‘One Third of a Nation: The Photographs of the Farm Security Administration, 1935-1946’
Through April 30. Online at Howard Greenberg Gallery, howardgreenberg.com/viewing-room/one-third-of-a-nation.
With photographers restricted from entering hospitals and nursing homes, the mortal toll of the coronavirus pandemic has largely evaded the camera. But the economic toll has not: boarded-up stores and restaurants, masked citizens at unemployment offices, drone shots of cars lining up for miles at food banks.
These images deploy a visual rhetoric — capturing a whole economy in a single figure, a single store — that was forged in the 1930s, during the Great Depression. Howard Greenberg Gallery, a longstanding photography dealer, has turned to the web to showcase more than two dozen photographs from the Farm Security Administration, which tasked artists like Walker Evans, Gordon Parks and Ben Shahn to document rural agricultural crises and the prolonged immiseration of “one-third of a nation,” in President Franklin D. Roosevelt’s words.
The digital presentation displays Arthur Rothstein’s 1936 photograph of a dust storm at a barren Oklahoma farm, picturing a father and sons against sky and earth scrubbed to gray nullities. Dorothea Lange’s “Migrant Mother,” shot the same year in California, is accompanied by three lesser-known variations, in which the impoverished woman snuggles her towheaded son or breastfeeds her baby; the show also includes Lange’s images of migrants from Greece and the Philippines, cutting lettuce or harvesting cotton.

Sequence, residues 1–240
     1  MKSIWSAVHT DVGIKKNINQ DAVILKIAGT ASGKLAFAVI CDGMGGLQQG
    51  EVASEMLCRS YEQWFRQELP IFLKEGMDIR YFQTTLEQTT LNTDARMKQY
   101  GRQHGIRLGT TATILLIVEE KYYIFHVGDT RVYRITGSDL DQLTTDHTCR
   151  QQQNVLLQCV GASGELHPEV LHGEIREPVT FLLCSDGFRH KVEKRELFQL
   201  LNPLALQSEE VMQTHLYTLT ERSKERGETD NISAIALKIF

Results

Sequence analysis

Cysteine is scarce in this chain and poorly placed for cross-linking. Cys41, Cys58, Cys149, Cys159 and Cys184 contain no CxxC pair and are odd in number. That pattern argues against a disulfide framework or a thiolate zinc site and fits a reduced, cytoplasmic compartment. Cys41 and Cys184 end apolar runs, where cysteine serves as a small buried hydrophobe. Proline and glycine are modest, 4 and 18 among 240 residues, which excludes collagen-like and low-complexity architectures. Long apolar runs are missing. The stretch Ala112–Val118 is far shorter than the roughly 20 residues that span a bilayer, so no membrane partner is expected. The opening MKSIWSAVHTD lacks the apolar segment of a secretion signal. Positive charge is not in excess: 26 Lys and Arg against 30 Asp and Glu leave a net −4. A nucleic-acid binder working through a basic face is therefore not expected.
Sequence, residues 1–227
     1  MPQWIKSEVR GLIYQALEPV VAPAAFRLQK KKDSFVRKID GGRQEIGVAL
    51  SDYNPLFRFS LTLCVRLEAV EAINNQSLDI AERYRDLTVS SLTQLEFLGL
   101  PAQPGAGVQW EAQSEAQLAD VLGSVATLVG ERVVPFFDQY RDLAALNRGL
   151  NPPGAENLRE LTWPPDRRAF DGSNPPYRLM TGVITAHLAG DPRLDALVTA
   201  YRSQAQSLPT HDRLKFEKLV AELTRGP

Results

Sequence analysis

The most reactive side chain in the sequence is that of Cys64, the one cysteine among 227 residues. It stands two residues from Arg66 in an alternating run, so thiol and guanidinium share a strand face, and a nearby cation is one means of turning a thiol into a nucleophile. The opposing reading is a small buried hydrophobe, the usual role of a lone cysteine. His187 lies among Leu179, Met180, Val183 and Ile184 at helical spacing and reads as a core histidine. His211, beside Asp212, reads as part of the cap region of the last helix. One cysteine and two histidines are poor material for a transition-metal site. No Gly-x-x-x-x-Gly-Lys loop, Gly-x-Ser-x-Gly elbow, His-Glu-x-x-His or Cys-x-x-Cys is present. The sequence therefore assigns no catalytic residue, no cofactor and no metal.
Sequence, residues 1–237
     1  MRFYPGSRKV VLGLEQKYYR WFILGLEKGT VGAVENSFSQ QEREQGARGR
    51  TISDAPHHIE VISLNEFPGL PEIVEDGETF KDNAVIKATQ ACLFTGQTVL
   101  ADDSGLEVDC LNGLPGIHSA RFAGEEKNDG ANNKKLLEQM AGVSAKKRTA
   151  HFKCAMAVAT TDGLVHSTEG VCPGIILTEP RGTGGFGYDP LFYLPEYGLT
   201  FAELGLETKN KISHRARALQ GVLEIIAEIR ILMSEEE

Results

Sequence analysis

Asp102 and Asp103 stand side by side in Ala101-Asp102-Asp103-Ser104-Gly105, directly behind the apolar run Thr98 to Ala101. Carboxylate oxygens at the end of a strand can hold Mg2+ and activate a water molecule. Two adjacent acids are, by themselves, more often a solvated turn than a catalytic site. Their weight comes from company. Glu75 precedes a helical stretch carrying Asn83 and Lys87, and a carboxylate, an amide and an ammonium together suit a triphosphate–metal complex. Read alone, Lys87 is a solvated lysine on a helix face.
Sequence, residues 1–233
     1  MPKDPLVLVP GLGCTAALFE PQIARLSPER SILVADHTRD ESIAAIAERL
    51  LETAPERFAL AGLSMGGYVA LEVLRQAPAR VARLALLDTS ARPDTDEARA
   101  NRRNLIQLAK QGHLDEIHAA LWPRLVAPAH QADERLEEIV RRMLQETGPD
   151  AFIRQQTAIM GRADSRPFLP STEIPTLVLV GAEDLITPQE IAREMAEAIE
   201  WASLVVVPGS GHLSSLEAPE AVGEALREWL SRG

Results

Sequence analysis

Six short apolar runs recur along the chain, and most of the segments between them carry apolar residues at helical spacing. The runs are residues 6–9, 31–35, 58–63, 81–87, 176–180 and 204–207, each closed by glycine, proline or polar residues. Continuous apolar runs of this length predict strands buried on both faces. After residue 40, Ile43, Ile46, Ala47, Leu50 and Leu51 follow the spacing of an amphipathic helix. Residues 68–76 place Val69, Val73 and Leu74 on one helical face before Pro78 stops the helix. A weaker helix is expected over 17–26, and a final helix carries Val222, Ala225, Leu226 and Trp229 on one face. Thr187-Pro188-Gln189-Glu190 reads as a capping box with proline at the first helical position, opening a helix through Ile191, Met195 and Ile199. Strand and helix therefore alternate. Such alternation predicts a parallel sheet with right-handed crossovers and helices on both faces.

These photographers were not journalists — both Rothstein and Lange partly staged these famous images. They were artists, assigned to give form to ongoing hardship, whose achievements were made possible only through the assurance of government employment. Whether the Great Lockdown leads to a second Great Depression is a matter for policymakers, but this much I can say: Any serious response to the economic and cultural devastation that lies before us will have to see artists back on the public payroll.
Sterling Crispin: ‘Future Tense’
Through May 11. Online at False Flag, false-flag.org.
In times of uncertainty, it’s hard to think about the future. That’s part of what makes Sterling Crispin’s first solo exhibition so compelling. I’d seen photographs of the show but didn’t make it to the gallery before it closed because of the coronavirus crisis. Now I find myself returning to those images.
“Future Tense” consists of complex objects that would undoubtedly reward in-person viewing. Mr. Crispin often uses sophisticated technologies like 3-D printing, virtual reality and machine-learning algorithms to create his work. Yet technology is also one of his primary subjects — how it interfaces with and diverges from the natural world. And how we have become an advanced society on a path to rendering itself extinct.
The profound strangeness of this discrepancy pervades the exhibition, which is filled with ordinary items gone haywire (and is well-documented on False Flag’s website and Mr. Crispin’s Instagram account): fire extinguishers that are also candelabras, watches that don’t tell time (one reads “Don’t panic”), flower arrangements springing from vessels that look like machine parts, and oversize inspection tags containing hopeful and apocalyptic texts like “The time has come.”
The front of the surfboard-shaped “Escape Vehicle 001” (2020) features a graph of the global temperature overlaid with stock price trading diagrams. It’s shooting toward either the collapse of our ecosystem or A.I. saving the planet. Despite the promise of the work’s title, its form suggests another lesson: We can’t escape the future so much as find a way to ride on through it.